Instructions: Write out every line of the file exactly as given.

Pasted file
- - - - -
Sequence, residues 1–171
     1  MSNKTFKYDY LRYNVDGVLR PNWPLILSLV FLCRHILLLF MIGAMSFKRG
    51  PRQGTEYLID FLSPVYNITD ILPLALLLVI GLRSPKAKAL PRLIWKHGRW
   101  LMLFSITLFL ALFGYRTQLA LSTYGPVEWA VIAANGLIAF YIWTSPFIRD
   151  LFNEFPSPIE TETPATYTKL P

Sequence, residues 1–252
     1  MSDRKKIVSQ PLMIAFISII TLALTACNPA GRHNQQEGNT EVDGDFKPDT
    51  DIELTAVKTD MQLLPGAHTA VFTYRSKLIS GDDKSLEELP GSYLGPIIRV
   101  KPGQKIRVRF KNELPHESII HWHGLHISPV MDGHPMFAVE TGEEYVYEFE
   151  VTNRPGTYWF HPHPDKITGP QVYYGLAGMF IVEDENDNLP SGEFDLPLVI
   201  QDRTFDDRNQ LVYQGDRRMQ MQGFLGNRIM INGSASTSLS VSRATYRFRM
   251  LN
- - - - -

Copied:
Sequence, residues 1–171
     1  MSNKTFKYDY LRYNVDGVLR PNWPLILSLV FLCRHILLLF MIGAMSFKRG
    51  PRQGTEYLID FLSPVYNITD ILPLALLLVI GLRSPKAKAL PRLIWKHGRW
   101  LMLFSITLFL ALFGYRTQLA LSTYGPVEWA VIAANGLIAF YIWTSPFIRD
   151  LFNEFPSPIE TETPATYTKL P

Sequence, residues 1–252
     1  MSDRKKIVSQ PLMIAFISII TLALTACNPA GRHNQQEGNT EVDGDFKPDT
    51  DIELTAVKTD MQLLPGAHTA VFTYRSKLIS GDDKSLEELP GSYLGPIIRV
   101  KPGQKIRVRF KNELPHESII HWHGLHISPV MDGHPMFAVE TGEEYVYEFE
   151  VTNRPGTYWF HPHPDKITGP QVYYGLAGMF IVEDENDNLP SGEFDLPLVI
   201  QDRTFDDRNQ LVYQGDRRMQ MQGFLGNRIM INGSASTSLS VSRATYRFRM
   251  LN